Lifeline at 30, how the wheels turned
|Commuters at Park Street station as a Metro train pulls in on Friday, the 30th birthday of Calcutta’s lifeline. Picture by Amit Datta|
Calcutta Metro turned 30 on Friday. On October 24, 1984, when the first train rolled out of Esplanade station, it had travelled only 3.4km to Bhowanipore. It covers more than 27km now. The country’s first Metro, and the fifth in Asia, has grown. But has it grown old? It still remains the most reliable and cleanest transport option. But has it progressed as much as the city would like? Then Prime Minister Indira Gandhi (below) had laid the foundation for the project in 1972. That was 23 years after a French team conducted a study on the feasibility of an underground transport system. The scourge that had led to the hunt for space underground is still Calcutta’s biggest problem: the scarcity of roads. Metro rail undergone major changes over the past three decades — air-conditioned coaches and chip-fitted tokens, for example. But it has been saddled with breakdowns, unable to cope with the rising rush.
Metro takes a look at some of the changes that the city’s transport lifeline has undergone over the years.
|Inauguration. October 24, 1984|
1984: 3.4km. Trains ran between Esplanade and Bhowanipore (now Netaji Bhavan). Services between Dum Dum and Tollygunge started on September 27, 1995.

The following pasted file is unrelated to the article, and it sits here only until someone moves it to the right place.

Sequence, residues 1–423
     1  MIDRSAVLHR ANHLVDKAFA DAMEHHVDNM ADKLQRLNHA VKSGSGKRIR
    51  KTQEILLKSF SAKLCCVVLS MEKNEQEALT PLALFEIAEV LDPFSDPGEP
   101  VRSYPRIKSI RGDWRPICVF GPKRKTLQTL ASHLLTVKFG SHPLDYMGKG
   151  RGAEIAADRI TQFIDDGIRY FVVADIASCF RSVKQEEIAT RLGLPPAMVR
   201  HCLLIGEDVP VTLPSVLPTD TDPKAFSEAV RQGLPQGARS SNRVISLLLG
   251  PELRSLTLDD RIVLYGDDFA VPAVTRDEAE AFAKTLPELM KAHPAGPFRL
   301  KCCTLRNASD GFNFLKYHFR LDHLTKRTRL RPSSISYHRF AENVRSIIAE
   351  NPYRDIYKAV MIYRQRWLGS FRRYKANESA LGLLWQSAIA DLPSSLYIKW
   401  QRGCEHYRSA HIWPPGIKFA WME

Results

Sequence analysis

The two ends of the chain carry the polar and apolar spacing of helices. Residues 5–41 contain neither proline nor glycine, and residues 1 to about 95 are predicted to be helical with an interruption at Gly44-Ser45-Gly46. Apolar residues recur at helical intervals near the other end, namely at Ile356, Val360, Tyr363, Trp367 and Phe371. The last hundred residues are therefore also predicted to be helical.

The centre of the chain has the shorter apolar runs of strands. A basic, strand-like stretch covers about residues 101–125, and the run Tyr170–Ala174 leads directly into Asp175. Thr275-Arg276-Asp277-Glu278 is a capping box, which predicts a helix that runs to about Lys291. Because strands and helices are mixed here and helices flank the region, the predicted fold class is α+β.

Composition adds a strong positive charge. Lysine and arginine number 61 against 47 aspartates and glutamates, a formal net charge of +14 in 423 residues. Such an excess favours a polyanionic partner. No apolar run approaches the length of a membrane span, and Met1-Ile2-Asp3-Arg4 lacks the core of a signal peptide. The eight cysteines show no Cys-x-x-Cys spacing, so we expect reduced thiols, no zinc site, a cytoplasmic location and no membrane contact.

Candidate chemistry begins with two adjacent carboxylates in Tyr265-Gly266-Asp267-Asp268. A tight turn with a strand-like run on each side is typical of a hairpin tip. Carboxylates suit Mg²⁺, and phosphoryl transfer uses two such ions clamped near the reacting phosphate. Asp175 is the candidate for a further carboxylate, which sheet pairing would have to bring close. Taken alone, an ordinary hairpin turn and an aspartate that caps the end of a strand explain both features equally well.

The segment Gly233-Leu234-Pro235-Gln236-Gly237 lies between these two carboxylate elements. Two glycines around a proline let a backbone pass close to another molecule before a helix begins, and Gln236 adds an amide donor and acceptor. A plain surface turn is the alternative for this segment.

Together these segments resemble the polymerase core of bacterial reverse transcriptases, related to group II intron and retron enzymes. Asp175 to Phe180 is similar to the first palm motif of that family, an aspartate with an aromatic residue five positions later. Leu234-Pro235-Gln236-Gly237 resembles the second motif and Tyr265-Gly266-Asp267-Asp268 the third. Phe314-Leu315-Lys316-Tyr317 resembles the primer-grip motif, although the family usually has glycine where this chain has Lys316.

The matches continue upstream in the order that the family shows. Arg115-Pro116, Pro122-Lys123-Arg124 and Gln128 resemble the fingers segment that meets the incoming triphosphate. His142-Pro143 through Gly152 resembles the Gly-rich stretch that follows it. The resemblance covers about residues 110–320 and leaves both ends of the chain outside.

2014: 27.83 km. Metro now runs from New Garia to Noapara. The expansion happened slowly and in phases.
1984: Two, both non-AC. The Integral Coach Factory, Perambur, manufactured them.
2014: Metro’s old and ailing fleet has 27 rakes — 14 non-AC, 13 AC. The rakes are still made by the Perambur factory. At least six rakes have outlived their codal lives and need to be withdrawn. Snags are frequent.
1984: 24 times the trains travelled each day.
2014: 274 (on working days).
1984: 10 minutes.
2014: Frequencies vary from 5 minutes to 15 minutes during different parts of the day (working days).
1984: Trains ran in two phases — 8am to noon; 3pm to 9pm.
2014: 6.45am to 10.40pm (working days).
|Bhowanipore station. First-day queue|
1984: The monthly count was 2.9lakh, which means 9,600 passengers a day.
2014: More than six lakh every day. The count went up after the Tollygunge-New Garia stretch was opened. After last year’s fare hike, the crowd reduced marginally.
|First-day ride. October 24, 1984|
1984: Paper cards like those in suburban trains. These were replaced by a paper ticket that bore a magnetic strip.
2014: Metro introduced radio-frequency identification (RFID) tokens in 2011. Smart cards were issued the same year.
What hasn’t changed: The magnetic paper tickets haven’t completely gone out of circulation. They are used to meet the shortfall of tokens during festival rush.
1984: Turnstile gates. Metro personnel were deployed at the gates and passengers had to hand over the tickets.
2014: Gates with flaps.
|1984. A guard mans a turnstile|